What are Estimated Taxes?
Opting for estimated taxes is like choosing a payment plan with the Internal Revenue Service (IRS). Rather than paying a lump sum by mid-April, the incremental payment route that estimated taxes begets spaces out payments on a quarterly basis. Although some people prefer to settle payments at shorter intervals, estimated tax payments are due on April 15, June 15, September 15 and January 15.
There are exceptions to the rule, notably taxpayers whose income is uneven. Monthly payments are also possible, which give people the opportunity to budget their spending in accordance with their monthly allowances. You can even miss a monthly payment as long as you compensate for the deficit in the estimated payments that follow. However, the IRS is within its power to dispatch an estimated tax penalty if this deficit is not accounted for.
Penalty for Underpayment of Estimated Tax
All this to say that paying estimated taxes does not shield you from an IRS estimated tax penalty. Like any tax, there is no formula for avoiding penalties if the filing is incorrect or late—for the IRS, time is of the essence. It is better to make smaller payments than none at all. There even exists a penalty for filing taxes late if you owe nothing.
At the end of the day, estimated taxes remain taxes: paying them forward still requires you to pay. Like any payment plan, underpaying or missing payments to the point of owing money can incur a penalty. In 2016, an estimated tax penalty for an individual payer assumed the form of an interest charge at the rate of 4 percent. Note that this rate varies, as the IRS is responsible for setting it every quarter. You can calculate your penalty liability by filling out IRS Form 2210. But generally speaking, penalty for underpayment of estimated tax or penalty for not paying estimated taxes can be avoided if a person pays at least 90% of the tax for the present year. It is best to get ahead of a penalty and avoid it altogether.
Estimated Tax Penalty Calculator
The first step to avoiding an estimated tax penalty is to figure out how much you should be paying in taxes. To calculate your estimated taxes, find your unfunded tax liability on last year’s tax return and divide it by four, since as you know estimated tax payments are due each quarter. Subtract from your total liability any withholding you can anticipate having to pay this current year. Keep in mind that your withholding amount could be the same as last year’s. If it is not, make sure you use the new number so you can accurately predict what your estimated tax will be.
That said, this estimated tax calculator doesn’t take into account any changes to your income or deduction status. If these changes apply, you can use your current income to figure out what you owe. To that end, the IRS provides a worksheet called Form 1040-ES to determine the minimum amount you would need to pay in estimated payments to avoid a penalty. You will find the up-to-date figures for deductions and rates there. Other helpful worksheets are also available to you in Publication 505.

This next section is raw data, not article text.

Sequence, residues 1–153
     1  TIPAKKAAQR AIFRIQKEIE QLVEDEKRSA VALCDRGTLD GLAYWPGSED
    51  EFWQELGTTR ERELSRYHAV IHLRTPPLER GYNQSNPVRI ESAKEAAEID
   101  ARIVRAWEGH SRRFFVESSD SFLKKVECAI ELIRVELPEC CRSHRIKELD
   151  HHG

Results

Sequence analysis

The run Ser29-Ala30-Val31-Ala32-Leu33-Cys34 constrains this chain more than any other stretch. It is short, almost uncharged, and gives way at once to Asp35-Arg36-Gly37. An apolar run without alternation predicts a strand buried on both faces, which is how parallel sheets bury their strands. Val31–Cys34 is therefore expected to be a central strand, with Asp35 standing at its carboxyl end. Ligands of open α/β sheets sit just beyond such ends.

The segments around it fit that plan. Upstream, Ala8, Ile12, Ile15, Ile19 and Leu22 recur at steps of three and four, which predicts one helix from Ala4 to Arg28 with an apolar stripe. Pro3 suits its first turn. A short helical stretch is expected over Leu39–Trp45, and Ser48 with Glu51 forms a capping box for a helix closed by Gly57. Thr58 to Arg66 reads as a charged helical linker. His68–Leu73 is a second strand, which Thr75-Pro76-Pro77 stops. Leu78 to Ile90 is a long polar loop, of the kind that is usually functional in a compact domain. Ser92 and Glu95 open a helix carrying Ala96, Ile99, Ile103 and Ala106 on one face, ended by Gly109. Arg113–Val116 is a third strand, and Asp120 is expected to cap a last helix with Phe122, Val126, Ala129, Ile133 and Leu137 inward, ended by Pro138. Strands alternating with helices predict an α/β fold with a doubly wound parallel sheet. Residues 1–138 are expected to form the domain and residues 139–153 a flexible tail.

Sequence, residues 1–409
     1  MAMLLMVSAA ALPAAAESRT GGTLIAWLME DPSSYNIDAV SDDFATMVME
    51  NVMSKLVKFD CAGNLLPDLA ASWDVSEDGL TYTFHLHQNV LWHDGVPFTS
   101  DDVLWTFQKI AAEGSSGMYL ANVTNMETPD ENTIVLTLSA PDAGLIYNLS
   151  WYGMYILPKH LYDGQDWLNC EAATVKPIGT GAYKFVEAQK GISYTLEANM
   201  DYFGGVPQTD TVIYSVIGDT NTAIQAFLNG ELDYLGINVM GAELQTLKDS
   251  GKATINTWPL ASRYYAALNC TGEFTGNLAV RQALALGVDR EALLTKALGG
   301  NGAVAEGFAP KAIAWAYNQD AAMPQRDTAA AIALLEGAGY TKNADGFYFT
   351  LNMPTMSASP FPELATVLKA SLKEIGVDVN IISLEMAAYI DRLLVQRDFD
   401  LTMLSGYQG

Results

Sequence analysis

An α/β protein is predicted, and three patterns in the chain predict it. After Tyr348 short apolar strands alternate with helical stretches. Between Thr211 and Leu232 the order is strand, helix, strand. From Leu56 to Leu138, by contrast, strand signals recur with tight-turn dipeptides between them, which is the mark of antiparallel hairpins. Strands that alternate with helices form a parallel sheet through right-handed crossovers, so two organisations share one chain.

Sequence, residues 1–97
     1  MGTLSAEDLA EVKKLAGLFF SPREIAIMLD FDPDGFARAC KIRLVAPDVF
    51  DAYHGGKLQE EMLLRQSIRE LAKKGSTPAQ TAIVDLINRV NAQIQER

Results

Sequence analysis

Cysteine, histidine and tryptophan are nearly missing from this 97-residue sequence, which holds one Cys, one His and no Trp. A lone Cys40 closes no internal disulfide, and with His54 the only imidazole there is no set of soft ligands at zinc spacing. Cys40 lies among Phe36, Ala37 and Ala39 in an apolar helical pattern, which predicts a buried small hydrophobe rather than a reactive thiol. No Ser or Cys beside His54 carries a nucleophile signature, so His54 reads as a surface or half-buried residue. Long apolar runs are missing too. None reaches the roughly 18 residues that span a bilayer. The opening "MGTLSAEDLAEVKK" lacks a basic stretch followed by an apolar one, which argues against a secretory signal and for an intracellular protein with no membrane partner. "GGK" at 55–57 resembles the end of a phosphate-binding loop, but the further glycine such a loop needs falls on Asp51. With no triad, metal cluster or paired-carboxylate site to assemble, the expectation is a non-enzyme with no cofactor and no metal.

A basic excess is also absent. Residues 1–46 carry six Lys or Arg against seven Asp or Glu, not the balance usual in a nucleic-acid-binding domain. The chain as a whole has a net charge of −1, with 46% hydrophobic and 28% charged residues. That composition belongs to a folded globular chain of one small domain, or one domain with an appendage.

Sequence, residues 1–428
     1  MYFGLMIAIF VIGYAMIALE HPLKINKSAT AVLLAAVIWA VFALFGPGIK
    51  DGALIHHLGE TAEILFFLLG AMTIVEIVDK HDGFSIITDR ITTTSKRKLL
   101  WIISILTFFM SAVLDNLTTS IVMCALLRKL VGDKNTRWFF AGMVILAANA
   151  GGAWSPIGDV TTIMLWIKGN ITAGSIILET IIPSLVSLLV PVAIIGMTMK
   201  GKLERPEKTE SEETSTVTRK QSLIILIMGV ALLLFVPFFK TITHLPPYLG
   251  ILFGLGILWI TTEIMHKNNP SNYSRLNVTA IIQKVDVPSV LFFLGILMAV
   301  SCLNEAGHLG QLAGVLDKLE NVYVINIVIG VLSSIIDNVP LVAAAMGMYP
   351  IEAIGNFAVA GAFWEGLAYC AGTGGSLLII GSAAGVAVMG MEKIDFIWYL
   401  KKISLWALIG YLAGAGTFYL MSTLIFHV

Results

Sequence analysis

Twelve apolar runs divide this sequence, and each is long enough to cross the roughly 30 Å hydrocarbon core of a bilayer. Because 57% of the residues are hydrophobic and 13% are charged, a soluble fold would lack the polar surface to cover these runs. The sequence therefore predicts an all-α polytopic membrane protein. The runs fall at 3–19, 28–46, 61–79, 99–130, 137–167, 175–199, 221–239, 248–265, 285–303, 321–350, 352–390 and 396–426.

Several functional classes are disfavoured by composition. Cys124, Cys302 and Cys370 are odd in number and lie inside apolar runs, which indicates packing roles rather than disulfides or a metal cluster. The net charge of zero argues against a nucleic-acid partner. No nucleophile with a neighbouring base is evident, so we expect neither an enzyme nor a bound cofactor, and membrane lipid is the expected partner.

IRS Waiver of Penalty
If you have in fact accrued an estimated payment penalty, there are channels to dispute the charge. The IRS can dissolve a penalty if a taxpayer is deemed to have a legitimate reason for not paying on time. You essentially need to convince the IRS that your failure to pay happened for reasons outside of your control.
Another avenue to explore is a waiver reserved for first-time offenders. If it is your first time failing to file or pay, the IRS can waive a penalty. The first-time abatement penalty waiver (FTA) grants the IRS this power. There is no guarantee that you will get off the hook just because it is your first time, but it’s worth a try. It is difficult to predict whether the IRS would consider you eligible for this Hail Mary pass of a claim. This is partly due to the unfortunate fact that Reasonable Cause Assistant (RCA), the software that the IRS uses to assess a payer’s eligibility for amnesty, has been widely criticized.
You can make your request for this penalty waiver by either writing a letter or calling the IRS. Having your request in writing is preferable when dealing with the IRS, as hold times on the phone can be substantial and a written record adds to the strength of your case.
IRS Penalty Abatement
If you can’t figure out where you went wrong, know that a penalty can also be traced back to a mistake on your employer’s side. If your employer has withheld more than is due, you are entitled to request an IRS penalty abatement that should result in a refund. This is different from the FTA in that you still qualify if you have paid penalties in the past.
To request a refund, you must file IRS form 843 and supporting documents, such as a statement describing what qualifies you to receive a refund. However, you can only receive this refund within a certain timeframe. Depending on which date is later, you have either 2 years from the day you made the tax payment or 3 years from the day you filed the return.
Excessive Amount Penalty
But be careful, your claim could be refused, in which case the IRS is at liberty to tack on an additional penalty. If the amount you are asking to be refunded for is deemed excessive, you are at risk of owing the IRS an additional 20% of the requested amount. Again, you should be fine as long as you can prove that you have Reasonable Cause to appeal the amount at hand. Worst case scenario, if you are denied your refund or do not hear from the IRS for six months, you can always escalate the case and file a suit in a U.S. District Court or Federal Claims Court.